WITH RUN DMC holding the spotlight once more and De La Soul waiting in the wings, hip hop now has a history of its own to consider instead of poncing off everyone else's. It's more than a little ironic, though, to see the original rap ingenues, the Beastie Boys, revered in some circles as one of the form's prime movers.

For more than two hours at Brixton Academy, the three white, male thirtynothings looned about before a couple of thousand almost exclusively white, mostly male twentysomethings doing much the same. You can't help feeling that if the suburban trendies who first catapulted the Boys to success hadn't grown up to colonise the style press, the threesome would be having a much harder time of it today.

That said, the absence of the old, school-disco floor-fillers "No Sleep til Brooklyn" and "Fight For Your Right (to Party)" failed to dampen down the frat house- party atmosphere; and it'd be wrong to conclude from their omission that Adam Yauch, Adam Horovitz and Michael Diamond have grown up much in the interim. Between the release of Licenced to Ill over 12 years ago and the forthcoming Hello Nasty, their fifth album, the Beastie Boys have always torn into new musical challenges like a 13-year-old knocking back his first lager top. "Paul's Boutique", "Check Your Head" and "Ill Communication" all bore witness to the boys' enthusiasm for hip hop, funk and punk, and are more enjoyable for their tumultuous breadth than any artistic depth.

Non-stop chaos live, however, is well out of order. The entrance of Mike D in a white boiler suit and a shower-curtain-cum-cape, with the two Adams and the rest of the backing group in orange outfits, we expected. The Rentokil of Rap? No problem. The triumph of sheer presence over the intrinsic merits of all but a handful of the show's songs was also par for the course. What did begin to grate was the show's restlessness.

Indisputable hip-hop winners like "Sure Shot" all too readily gave way to bursts of flailing hardcore and while each sent their respective constituencies in the audience into hysterical pogo-ing, it was left to the more reflective, jazzy moments, from Ill Communication, to repair shattered nerves. The group was badly served by a treacherous sound system, but they didn't do themselves any favours with what, at crucial moments, seemed like a suspiciously under-rehearsed gig. Boys will be boys.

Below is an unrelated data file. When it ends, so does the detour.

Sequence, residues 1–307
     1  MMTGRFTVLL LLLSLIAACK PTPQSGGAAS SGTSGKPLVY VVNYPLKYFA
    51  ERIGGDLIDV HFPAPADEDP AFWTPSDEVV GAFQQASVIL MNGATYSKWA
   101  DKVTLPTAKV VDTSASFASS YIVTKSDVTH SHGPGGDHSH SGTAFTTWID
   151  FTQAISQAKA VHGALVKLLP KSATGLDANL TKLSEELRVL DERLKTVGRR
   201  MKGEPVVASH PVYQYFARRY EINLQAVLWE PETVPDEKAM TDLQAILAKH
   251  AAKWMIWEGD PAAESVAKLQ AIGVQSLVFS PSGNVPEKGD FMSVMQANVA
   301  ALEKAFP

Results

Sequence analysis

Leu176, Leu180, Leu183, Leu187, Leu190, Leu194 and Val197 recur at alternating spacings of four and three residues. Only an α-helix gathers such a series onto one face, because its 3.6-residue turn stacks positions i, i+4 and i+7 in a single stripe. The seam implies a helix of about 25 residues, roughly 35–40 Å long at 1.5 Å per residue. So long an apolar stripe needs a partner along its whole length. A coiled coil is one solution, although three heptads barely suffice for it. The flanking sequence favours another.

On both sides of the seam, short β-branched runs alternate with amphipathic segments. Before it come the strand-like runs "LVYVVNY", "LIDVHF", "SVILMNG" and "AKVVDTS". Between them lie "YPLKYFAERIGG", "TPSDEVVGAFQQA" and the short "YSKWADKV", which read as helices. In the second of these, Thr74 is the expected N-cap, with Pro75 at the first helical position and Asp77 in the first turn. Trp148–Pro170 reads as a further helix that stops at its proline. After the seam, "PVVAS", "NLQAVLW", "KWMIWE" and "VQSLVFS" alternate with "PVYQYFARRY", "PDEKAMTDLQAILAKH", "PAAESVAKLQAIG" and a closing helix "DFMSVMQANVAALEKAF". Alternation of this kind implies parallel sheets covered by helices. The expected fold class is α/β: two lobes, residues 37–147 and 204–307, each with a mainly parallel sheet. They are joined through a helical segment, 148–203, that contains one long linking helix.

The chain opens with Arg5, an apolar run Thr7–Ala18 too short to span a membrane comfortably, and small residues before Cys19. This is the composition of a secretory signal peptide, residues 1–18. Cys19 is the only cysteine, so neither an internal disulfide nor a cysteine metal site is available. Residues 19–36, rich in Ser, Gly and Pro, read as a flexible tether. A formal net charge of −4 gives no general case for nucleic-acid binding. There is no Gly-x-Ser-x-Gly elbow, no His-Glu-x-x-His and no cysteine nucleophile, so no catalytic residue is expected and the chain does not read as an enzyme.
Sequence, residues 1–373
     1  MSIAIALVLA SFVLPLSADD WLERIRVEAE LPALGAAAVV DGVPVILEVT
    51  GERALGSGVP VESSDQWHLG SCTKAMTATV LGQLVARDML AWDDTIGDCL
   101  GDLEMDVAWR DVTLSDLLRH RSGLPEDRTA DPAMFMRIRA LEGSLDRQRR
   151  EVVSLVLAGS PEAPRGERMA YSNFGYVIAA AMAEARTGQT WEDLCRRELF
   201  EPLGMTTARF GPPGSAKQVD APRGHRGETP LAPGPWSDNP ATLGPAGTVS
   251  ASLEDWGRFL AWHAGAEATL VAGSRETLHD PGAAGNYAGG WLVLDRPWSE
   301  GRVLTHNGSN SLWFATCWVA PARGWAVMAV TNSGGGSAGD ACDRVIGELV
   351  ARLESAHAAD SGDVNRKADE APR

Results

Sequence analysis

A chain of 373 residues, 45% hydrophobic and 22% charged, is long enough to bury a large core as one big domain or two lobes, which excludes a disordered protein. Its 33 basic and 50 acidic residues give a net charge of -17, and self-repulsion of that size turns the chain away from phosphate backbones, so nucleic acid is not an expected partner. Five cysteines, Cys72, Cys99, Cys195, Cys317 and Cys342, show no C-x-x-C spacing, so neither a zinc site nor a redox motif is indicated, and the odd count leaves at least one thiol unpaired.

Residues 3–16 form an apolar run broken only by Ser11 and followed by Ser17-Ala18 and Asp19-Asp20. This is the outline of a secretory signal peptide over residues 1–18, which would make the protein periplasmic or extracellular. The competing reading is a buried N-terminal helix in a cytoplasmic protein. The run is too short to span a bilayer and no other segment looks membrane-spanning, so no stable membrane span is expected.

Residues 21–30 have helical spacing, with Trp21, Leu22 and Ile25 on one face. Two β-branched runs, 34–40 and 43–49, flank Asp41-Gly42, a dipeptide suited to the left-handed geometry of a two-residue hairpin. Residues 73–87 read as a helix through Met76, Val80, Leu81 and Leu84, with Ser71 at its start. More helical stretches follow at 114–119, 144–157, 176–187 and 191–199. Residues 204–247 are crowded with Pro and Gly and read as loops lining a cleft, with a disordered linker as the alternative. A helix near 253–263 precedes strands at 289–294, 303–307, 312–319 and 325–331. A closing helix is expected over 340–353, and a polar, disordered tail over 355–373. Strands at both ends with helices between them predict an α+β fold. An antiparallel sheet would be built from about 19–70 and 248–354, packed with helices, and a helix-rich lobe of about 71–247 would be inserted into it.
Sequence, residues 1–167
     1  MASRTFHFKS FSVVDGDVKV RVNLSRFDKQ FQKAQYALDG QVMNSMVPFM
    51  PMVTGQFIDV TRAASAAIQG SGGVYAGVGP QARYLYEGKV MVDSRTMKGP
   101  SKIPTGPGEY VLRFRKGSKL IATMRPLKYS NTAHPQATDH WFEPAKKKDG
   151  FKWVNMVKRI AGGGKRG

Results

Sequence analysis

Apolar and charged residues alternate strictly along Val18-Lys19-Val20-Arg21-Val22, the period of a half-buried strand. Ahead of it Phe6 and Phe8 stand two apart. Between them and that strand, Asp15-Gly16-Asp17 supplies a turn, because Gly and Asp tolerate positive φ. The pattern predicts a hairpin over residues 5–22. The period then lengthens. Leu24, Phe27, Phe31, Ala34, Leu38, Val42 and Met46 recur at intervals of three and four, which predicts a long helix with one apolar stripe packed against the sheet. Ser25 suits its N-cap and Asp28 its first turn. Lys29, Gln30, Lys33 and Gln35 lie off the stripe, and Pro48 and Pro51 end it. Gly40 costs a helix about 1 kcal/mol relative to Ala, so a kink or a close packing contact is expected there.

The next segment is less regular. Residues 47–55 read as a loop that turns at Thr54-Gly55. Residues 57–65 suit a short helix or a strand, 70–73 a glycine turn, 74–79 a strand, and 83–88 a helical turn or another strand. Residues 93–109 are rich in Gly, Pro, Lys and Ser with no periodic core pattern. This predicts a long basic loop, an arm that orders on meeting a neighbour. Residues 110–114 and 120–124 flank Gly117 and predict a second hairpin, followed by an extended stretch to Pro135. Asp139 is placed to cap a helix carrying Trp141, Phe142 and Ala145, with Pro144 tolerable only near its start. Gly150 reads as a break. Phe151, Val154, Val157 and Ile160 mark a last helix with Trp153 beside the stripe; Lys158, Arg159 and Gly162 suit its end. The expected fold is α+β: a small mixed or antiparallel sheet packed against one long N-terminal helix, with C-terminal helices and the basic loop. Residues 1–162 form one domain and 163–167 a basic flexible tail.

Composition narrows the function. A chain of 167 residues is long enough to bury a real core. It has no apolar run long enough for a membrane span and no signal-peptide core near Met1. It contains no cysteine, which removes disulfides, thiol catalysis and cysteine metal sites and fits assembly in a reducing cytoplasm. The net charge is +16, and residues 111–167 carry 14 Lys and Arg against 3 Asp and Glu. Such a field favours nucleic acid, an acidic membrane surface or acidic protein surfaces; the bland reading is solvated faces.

When thin girls wearing fake tattoos rub shoulders at a gig with fat men sporting the real thing, you know something's afoot. Rocket From the Crypt are a San Diegan five-piece (six, including occasional singer Holly Golightly) whom David Lynch would be compelled to invent if they didn't already exist. In fact, their broad appeal is simple: thunderous sex'n'booze rock'n' roll sung by young men who look like they 've strayed off the set of The Wild Ones.

Earlier, five quiffs had taken to the stage, shortly followed by their owners, each of them clad in black satin bowling shirts. The Happy Days dress code, oddly enough, serves the band's earthy preoccupations well. The lyrics of the evening's opener, "When in Rome (Do the Jerk)", leave you in little doubt that the Carabinieri would take exception to RFTC's travel advice. But, as with their other testosterone stompers "Dick on a Dog" or "Young Livers", RFTC succeed precisely because they don't make any apologies for their high-school smut rock (even if all five look to be closing on 30). It helps too that the rest of the group draws its inspiration from lead singer Speedo, whose pronouncements on hedonism throughout the gig were nothing short of evangelical: imagine the works of Shaun Ryder recited by Jimmy Swaggart.

So beguiling were RFTC that you'd almost kid yourself that watching pop groups was all about having good, dirty fun. To remind you what the music business is really all about - self-parody, greed, egotism and a dash of violence - Ian Brown's turn in Portsmouth, the conclusion of his first solo tour, had to be seen to be believed. As an ex-Stone Rose, you'd have thought that Brown had had enough of keeping people hanging around. But, no, our Ian knew best and deigned to strut on stage an hour and 45 minutes late. Predictably enough, a hostile crowd let their empty glasses do the talking. "Got any sailors in tonight, have we?" came Brown's reply and, following frank exchanges between audience and singer on the North-South divide, a gig, of sorts, got under way.

Playing from his debut solo album, Unfinished Monkey Business (save for a cover of Jimi Hendrix's "Little Wing"), Brown did little to make you think that he has much of a future. It's not that his new material is especially disappointing - as John Squires has indulged his Led Zeppelin fantasies with the Sea Horses so Brown has fallen short of the Stone Roses' more melodic passages with his solo effort.

Rather, the mischievous intent of his album title and Brown's messianic histrionics with the Roses entitled you to expect a bit of cheek from the Mancunian. Thanks to his backing group, the hit single "My Star" is adequately moody, as is the restrained funk of "Can't See Me". As ever, Brown can barely carry a tune, but even his characteristic trippy jig, microphone aloft, has become a constipated shuffle.

The highlights, such as they were, involved the edifying sight of Brown pointing out troublemakers to the bouncers and his eccentric request that we all demand a refund to bankrupt the promoters who he believed had short-changed him. Not to mention the two punch-ups the audience staged to while away the time. Is it really only 10 years since the Summer of Love?

Nicholas Barber is away.